And … no sign of a Higgs in that channel! Very small significance, but potentially a very intriguing result. Could mean that we have something Higgs-like, but not precisely the Standard Model Higgs.

    9:46 am (John): First surprise – where are the tau pair decays?

    9:48 am (Sean): Total significance: 4.9 sigma. It went down because of the absence of tau decays. But that could secretly be good news!

  83. Very cool.

    They won’t yet say for certain this is Higgs, but is there another possibility? Is there some theory that predicts something different at 125 GeV? What are the possibilities for it not being Higgs? If it’s not, does that mess up the standard model?

    Also, what is the next step? Does having a predicted particle show up bring us closer to understanding the parts of the universe that we don’t understand yet? If we still don’t have a model that joins in all together does this help with that?

    Finally, is there some practical use that will eventually trickle down from this? Will knowing this make it easier to do something or possible to do something we couldn’t before?

  84. Brian Too

    @ 83. Old Geezer,

    Ha!

    Of course political weirdness does not have to originate at the national level. Perhaps Texas, S. Carolina or Tennessee could do something to make us smile?

  85. Muz

    This is fantastic news!.
    In the words of the immortal Douglas Adams “Well that about wraps it up for God” and not before time pardon the pun.

  86. Robert Komara

    Phil! What is up with that 3.5 ish Sigma shoulder/signal at about 136.5 GeV? It looks significant. Is it another possible Boson or are we seeing something else?

  87. Robert Komara

    Phil! What is up with that 3.5 ish Sigma shoulder/signal at about 136.5 GeV? It looks significant. Is it another possible Boson or are we seeing something else? It seems to be consistent between the 7 TeV and 8 TeV data sets.

  88. Ricardo

    @88. SkyGazer
    … aaand it has been done already, not surprisingly by Mike Adams. Search for “conscious cosmology” on NaturalNews.com. Those guys never cease to amaze me…

  89. ZZMike

    (Sorry about the eMail – I didn’t notice the comment link.)

    OK, they’re almost certain they’ve found it. And it gives other
    particles mass.

    So are we anywhere nearer understanding how it does that, and what makes
    inertia “work”?

    Similarly for the graviton, which is said to enable gravitational
    attraction. Nice, but how?

    (Maybe the principles are hard to understand because we (most of us)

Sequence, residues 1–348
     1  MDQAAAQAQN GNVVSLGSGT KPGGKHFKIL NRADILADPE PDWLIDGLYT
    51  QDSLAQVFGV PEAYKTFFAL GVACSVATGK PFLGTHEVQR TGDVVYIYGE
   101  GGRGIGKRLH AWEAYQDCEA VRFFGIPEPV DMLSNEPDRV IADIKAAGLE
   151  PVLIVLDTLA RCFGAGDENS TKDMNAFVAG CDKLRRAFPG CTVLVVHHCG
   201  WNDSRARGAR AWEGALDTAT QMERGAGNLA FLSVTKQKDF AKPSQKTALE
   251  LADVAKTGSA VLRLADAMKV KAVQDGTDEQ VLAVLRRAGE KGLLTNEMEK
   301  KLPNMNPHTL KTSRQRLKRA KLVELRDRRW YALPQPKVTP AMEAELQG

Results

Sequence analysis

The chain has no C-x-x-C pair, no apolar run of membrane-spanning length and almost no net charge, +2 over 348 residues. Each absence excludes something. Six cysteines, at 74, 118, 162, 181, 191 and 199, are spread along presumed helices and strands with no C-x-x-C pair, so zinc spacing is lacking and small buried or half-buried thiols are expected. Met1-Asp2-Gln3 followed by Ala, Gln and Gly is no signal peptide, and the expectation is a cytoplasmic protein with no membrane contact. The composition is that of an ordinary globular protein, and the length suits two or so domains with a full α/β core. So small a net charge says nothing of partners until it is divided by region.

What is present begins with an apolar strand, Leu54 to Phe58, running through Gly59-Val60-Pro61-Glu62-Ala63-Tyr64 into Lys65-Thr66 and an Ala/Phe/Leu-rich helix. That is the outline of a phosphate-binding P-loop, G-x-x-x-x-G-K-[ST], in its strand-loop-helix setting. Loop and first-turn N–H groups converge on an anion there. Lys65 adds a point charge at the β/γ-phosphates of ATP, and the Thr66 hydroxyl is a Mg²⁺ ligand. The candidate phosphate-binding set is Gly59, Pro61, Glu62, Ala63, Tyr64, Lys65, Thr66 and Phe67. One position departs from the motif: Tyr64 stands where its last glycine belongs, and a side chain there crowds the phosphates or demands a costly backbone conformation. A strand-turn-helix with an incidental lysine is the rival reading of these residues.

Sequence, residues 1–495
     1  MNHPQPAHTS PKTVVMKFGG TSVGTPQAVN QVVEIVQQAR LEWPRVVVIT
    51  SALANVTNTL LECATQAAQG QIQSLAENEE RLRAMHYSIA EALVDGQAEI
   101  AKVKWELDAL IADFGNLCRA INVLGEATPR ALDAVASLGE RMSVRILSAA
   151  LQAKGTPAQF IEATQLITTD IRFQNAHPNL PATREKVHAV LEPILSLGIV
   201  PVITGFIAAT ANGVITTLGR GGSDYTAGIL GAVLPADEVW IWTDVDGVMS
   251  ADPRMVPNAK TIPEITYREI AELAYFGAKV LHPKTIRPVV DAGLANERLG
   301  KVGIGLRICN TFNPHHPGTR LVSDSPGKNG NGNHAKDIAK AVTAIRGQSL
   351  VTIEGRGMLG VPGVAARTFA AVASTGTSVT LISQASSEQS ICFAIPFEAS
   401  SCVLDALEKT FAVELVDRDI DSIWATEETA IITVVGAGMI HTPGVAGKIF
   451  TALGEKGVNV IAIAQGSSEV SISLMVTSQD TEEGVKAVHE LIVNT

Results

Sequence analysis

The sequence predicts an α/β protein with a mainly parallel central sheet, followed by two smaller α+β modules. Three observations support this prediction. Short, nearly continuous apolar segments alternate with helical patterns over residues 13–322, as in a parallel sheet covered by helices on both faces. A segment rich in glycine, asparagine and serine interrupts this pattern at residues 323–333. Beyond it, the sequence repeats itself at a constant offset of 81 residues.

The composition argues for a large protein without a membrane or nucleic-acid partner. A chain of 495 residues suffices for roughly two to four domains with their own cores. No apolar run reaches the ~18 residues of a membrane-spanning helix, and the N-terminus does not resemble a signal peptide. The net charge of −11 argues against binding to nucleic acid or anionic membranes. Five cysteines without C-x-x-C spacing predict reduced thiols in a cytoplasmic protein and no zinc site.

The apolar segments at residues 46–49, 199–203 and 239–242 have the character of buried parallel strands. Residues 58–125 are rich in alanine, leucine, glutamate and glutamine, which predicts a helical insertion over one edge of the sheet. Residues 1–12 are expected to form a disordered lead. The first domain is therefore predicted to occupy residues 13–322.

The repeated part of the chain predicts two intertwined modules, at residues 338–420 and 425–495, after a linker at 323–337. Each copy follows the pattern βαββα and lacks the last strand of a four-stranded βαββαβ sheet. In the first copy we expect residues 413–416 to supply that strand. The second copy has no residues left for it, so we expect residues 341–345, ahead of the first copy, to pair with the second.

still think of “particles” as little BBs. But it may be harder to
    part with that concept than try to understand massless spin-2 fields.)

    As an aside, I really wish media commentators would stop referring to it as the “God particle”. (So does Higgs, I’m told.)

    PS: If it is definitely confirmed, does Peter Higgs get a royalty? If the Particle is such a Really Big Deal, he ought to start preparing his Nobel acceptance speech. Not that he needs another medal.

    Peter Davey (#56) : “On the BBC Radio 4 News, this morning, one commentator was pointing out that the discovery of the electron sparked the whole electronics revolution, and that the discovery of this particle might well do as much.”

    The difference is that we find electrons everywhere. It’s hard to find an electron-free place. We’ve been looking for the HB for years, and not until we trained terawatts at the problem, and rounded up about 6000 physicists. It’s not likely that we’ll be grinding out Higgs bosons by the bucketful any time soon.

    Still, in physics, “any time soon” is just a relative concept.

  90. Michael Simmons

    We have known about fusion for a long time now but we are very far from any practical use (other than bombs). I expect as we push to high and high energy levels the practical uses (other than the feel good feeling that we understand the universe better or better bombs) will drop. At some point politics will step in and demand practical uses for the return on investment.

    Also whats up with AMS-02, shouldn’t we be getting publish results from it soon.

  91. John Titor

    This must be stopped!

  92. jimbo

    how accurate is the “condensation” analogy? a massless particle will attract higgs field lines around it and acquire mass. OK but however if we now add a second identical particle really close to the first one, the finite availability of the field lines would mean that the two particles now have less mass? or are there infinities involved?

  93. realta fuar

    Only one obvious mistake in this post (implying the SM has anything to say about gravity) which was nicely cleaned up, as usual, in the comments. Not bad, considering.

  94. Robbert

    @ Michael #46
    That link made it a lot clearer for me what is going on. Saying that I understand it would be a gross overstatement, lets say that the blurry image I had in my mind had a single zoom and enhance pass over it CSI style. Still blurry and useless, but getting closer.